We headed into the Green Zone at eight o'clock.
We suited up in the garage. There's no evidence that haz suits protect you from the mal, but at least you know you haven't accidentally ingested anything.
We took one of the bashed-up jeeps. Bob drove. Xi didn't come. She hasn't left the station for weeks.
As we entered the Green Zone, the scenery changed. There was less plant life; even the grass was patchy. Along the outskirts, where the Green Zone is new, there are diseased trees and shrubs in the process of dying. This sort of death isn't strictly mal, it's just a side effect of The Sick Land.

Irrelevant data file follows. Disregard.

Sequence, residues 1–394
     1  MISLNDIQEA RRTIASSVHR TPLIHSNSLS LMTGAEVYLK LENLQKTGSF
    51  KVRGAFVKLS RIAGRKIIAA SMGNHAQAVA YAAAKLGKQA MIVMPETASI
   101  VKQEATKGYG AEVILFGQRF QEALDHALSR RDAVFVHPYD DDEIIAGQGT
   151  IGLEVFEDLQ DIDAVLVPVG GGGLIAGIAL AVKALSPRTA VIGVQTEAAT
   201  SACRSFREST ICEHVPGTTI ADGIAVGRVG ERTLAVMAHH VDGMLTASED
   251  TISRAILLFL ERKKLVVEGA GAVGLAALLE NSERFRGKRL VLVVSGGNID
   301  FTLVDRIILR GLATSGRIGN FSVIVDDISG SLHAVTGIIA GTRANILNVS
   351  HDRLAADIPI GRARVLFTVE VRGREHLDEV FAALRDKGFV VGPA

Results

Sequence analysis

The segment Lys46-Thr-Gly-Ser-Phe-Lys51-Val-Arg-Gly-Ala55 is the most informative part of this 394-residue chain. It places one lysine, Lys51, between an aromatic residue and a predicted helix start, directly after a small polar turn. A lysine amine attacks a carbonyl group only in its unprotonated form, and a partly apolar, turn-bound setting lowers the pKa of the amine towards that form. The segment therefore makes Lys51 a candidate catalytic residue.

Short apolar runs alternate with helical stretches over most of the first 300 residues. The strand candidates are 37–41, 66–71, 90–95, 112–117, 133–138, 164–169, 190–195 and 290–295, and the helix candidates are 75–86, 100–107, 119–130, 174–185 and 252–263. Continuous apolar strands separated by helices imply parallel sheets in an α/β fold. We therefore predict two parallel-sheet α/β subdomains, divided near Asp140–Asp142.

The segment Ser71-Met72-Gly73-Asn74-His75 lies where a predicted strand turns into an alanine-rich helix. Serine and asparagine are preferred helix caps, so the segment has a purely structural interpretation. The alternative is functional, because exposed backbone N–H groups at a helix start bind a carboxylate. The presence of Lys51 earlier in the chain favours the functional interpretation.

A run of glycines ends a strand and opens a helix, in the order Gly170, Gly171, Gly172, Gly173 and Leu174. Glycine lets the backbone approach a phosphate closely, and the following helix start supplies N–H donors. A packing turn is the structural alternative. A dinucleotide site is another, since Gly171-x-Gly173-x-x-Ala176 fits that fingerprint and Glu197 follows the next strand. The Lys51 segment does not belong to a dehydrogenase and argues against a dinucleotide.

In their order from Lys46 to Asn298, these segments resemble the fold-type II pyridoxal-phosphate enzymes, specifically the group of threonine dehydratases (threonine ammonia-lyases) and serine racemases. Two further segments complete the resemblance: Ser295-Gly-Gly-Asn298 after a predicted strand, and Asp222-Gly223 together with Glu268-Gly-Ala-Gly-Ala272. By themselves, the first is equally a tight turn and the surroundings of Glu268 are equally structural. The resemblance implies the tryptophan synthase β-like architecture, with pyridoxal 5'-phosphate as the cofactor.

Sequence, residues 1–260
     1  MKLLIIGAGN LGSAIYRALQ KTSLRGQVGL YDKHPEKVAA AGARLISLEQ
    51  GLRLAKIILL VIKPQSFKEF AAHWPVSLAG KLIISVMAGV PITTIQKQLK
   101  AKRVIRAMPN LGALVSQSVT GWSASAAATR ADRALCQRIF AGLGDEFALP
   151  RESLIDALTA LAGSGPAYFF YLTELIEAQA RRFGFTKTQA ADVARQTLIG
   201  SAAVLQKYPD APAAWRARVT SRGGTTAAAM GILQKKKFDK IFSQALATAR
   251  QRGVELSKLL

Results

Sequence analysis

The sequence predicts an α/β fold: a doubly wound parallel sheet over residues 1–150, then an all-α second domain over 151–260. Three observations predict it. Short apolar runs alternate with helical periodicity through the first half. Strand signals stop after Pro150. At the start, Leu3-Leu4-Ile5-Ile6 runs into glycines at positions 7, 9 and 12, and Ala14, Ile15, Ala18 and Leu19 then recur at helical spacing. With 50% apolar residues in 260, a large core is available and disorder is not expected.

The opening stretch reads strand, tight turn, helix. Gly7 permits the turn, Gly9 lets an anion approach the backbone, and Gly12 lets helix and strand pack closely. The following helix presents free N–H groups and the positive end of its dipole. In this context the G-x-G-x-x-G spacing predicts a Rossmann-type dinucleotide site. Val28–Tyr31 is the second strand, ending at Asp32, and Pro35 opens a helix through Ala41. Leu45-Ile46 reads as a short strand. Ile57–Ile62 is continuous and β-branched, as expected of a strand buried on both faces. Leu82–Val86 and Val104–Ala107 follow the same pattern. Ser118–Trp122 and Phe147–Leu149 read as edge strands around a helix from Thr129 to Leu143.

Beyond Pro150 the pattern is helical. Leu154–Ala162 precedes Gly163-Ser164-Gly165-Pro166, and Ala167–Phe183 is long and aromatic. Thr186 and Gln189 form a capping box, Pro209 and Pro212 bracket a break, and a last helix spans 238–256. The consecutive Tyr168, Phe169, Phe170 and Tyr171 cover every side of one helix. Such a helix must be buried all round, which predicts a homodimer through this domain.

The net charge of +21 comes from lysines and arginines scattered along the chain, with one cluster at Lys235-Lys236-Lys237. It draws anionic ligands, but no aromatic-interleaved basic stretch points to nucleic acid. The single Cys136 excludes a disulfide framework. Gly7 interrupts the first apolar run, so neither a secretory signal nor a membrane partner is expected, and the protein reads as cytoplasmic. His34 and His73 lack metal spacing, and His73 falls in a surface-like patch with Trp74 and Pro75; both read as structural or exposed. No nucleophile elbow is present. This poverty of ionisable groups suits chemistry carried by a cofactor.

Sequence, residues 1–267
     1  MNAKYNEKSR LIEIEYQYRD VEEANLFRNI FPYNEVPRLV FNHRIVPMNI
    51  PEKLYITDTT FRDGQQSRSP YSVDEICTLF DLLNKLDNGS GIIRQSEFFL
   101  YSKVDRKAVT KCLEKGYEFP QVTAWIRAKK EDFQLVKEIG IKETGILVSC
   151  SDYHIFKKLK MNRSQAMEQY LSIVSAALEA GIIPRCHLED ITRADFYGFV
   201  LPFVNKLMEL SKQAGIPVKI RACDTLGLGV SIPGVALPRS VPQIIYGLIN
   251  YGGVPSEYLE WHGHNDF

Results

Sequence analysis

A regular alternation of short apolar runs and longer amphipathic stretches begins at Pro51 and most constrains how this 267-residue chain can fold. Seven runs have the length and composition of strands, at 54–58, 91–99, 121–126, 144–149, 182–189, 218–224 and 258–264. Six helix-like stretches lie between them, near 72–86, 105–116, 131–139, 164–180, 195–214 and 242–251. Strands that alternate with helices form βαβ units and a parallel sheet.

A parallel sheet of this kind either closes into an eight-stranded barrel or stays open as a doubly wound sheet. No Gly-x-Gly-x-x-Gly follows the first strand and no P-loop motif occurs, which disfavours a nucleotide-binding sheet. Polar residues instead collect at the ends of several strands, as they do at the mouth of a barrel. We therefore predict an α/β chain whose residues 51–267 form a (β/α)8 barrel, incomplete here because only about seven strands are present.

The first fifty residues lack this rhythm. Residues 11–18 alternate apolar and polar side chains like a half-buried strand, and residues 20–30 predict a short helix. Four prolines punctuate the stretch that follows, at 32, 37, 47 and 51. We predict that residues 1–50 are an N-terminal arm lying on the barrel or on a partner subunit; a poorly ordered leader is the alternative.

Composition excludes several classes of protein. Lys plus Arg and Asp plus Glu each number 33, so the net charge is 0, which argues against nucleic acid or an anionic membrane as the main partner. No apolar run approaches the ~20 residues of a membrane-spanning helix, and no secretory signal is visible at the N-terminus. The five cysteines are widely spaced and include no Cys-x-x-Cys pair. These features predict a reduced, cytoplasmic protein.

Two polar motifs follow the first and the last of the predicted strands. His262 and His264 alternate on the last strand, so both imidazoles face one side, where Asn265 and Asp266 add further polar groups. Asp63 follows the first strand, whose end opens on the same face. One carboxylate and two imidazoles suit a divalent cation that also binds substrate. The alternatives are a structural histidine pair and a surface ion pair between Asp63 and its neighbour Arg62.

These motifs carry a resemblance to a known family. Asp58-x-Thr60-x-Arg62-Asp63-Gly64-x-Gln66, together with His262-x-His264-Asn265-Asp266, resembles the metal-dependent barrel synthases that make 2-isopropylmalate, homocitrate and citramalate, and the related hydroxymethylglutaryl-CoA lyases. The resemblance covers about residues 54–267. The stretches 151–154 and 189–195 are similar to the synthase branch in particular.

After we'd been driving around for twenty minutes, Bob asked me how I felt. I said I was fine. He asked if I wanted to see some mal. I didn't want to. I said yes.
Bob drove the jeep deeper into the Green Zone. He told me that he'd found a tree with mal symptoms. It was much further out than would be expected. After about five minutes, I saw it. It looked like an oak, but I'm no expert on trees; I don't know if oaks even grow around here.
We got out, and Bob showed me the mal he'd identified. The symptoms were mild, but distinctive. A pink, fleshy tendril hung from the bark. It was small, no more than four inches long and about a quarter of an inch thick. It hung there, dead.
I asked Bob if we could go back.